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Subject: "Current employment diff from Intended Occupation" Archived thread - Read only
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Conferences Canadian Immigration - Immigration canadienne Topic #2244
Reading Topic #2244
Member since 16-Feb-02
16-Feb-02, 03:37 PM (EST)
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"Current employment diff from Intended Occupation"
   I had applied to CHC, HongKong, in Jan2000 with the Intended occupation of "Industrial and Manufacturing Engineer", as I am a Production Engineer with 4 almost 4 years of experience at the time of application.

Later in December 2000 I changed my job to work in a company which develops software for the manufacturing Industry.In my present position, I still use my previous knowledge, but to develop and to test the software code.

I wrote a letter to the CHC informing them about the change in the job. Looking at the processing standards at HongKong,I believe that the Interview call will come by March2003. This means that I will have more than 2 years of work experience in my new job.

How will this change in job affect my chances of getting a positive response at the time of Interview. Is job change considered an objectinable or a favourable action which opens up the options of working in canada under different skill sets.

Also one more point. My application for assessment by CCPE(Canadian Council for Professional Engineers) was rejected on the grounds that my college of Engineering was not recognized by them(although the University which awarded the degree is recognized by CCPE).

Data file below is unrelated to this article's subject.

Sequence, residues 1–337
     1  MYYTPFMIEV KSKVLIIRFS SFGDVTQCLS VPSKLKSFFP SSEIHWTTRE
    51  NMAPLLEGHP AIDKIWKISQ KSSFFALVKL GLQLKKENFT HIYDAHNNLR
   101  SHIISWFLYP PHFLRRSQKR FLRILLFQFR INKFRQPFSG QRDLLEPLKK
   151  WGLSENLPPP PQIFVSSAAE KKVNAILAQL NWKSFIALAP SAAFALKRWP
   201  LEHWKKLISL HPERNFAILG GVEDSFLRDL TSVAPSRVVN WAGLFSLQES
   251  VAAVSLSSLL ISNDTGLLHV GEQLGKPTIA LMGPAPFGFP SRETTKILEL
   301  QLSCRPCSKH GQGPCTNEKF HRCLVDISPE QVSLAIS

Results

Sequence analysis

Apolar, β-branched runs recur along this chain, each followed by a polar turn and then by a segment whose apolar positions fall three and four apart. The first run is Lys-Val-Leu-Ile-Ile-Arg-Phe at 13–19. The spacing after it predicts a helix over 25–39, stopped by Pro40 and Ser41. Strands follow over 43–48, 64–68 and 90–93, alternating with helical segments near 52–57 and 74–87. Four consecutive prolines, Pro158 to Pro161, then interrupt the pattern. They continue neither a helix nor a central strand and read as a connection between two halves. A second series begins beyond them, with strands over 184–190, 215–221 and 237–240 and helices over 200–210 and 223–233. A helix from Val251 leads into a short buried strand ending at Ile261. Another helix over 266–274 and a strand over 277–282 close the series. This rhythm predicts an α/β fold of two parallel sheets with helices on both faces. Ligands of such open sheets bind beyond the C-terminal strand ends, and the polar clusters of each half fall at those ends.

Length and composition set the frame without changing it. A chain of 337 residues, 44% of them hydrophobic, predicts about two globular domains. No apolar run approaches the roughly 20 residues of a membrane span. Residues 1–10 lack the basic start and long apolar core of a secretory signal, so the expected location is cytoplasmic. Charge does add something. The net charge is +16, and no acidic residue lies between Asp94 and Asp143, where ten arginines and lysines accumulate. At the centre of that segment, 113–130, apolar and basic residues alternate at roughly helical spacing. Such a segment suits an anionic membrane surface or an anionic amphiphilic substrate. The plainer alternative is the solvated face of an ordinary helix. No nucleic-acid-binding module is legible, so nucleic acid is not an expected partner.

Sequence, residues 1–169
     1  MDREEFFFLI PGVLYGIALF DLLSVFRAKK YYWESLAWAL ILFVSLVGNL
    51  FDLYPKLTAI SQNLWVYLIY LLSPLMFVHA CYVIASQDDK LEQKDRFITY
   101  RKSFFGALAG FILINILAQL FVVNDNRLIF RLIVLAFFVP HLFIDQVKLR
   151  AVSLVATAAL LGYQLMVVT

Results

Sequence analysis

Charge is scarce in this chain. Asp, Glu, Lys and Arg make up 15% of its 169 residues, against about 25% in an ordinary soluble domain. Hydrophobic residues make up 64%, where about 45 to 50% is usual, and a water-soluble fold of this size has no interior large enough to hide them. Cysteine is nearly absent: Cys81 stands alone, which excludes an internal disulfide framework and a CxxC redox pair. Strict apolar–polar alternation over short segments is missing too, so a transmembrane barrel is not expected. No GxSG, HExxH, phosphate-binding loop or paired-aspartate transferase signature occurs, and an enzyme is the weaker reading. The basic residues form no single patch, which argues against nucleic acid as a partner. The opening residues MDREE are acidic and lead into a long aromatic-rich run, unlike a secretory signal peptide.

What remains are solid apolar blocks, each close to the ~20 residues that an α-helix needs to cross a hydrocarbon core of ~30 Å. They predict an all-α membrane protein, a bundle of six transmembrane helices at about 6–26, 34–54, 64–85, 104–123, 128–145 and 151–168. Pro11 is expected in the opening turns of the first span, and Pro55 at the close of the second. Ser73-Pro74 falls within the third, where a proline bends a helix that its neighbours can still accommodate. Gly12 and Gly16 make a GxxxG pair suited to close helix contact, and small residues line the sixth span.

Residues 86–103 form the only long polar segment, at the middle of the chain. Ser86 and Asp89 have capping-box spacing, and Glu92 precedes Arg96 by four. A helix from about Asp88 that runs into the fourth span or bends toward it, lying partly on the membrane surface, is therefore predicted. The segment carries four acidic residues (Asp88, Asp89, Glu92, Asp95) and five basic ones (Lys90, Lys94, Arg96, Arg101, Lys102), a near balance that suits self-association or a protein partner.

Anticipating your reply and acknowledging the efforts you put in answering these numerous postings.



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1439 posts
21-Mar-02, 11:22 AM (EST)
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1. "RE: Current employment"
In response to message #0
   Response to Point #1:

Sometimes an applicant will change career focuses or career fields, thereby making his/her current occupation different from the listed "intended occupation". If that happens, under the current system, then an immigration officer can question how the person has been able to maintain his/her skills in the intended occupation, while working in a new field.

In such a case it would be best if the applicant could provide some kind of evidence of maintenance of skills. This can be accomplished in some cases by demonstrating professional memberships, additional studies, or in some cases volunteer work. Or sometimes the new field is related, in some way, to the previous career field, and thus allows for a maintenance of skills.

However, the current system will likely no longer be in effect on June 28, 2002, for most applicants. The new system is much more flexible in allowing for changes in career fields. And thus, such a change would likely no longer be an issue under the new system, in June.

Response to Point #2:

Under the current system, refusal by the CCPE will usually mean that the applicant can not list an engineering field as his/her intended occupation in Canada, and must thus list the intended occupation as being in a field that is categorized as "technologist" or "technician" rather than engineer. Such occupations must usually be approved by the CCTT (Canadian Council of Technicians and Technologists.)

However, refusal by the CCPE may become less relevant under the new system of immigration, due to be implemented on June 28, 2002, depending upon the circumstances or nature of the application.

CAMPBELL, COHEN - attorneys at law
tel:514.937.9445 / fax:514.937.2618

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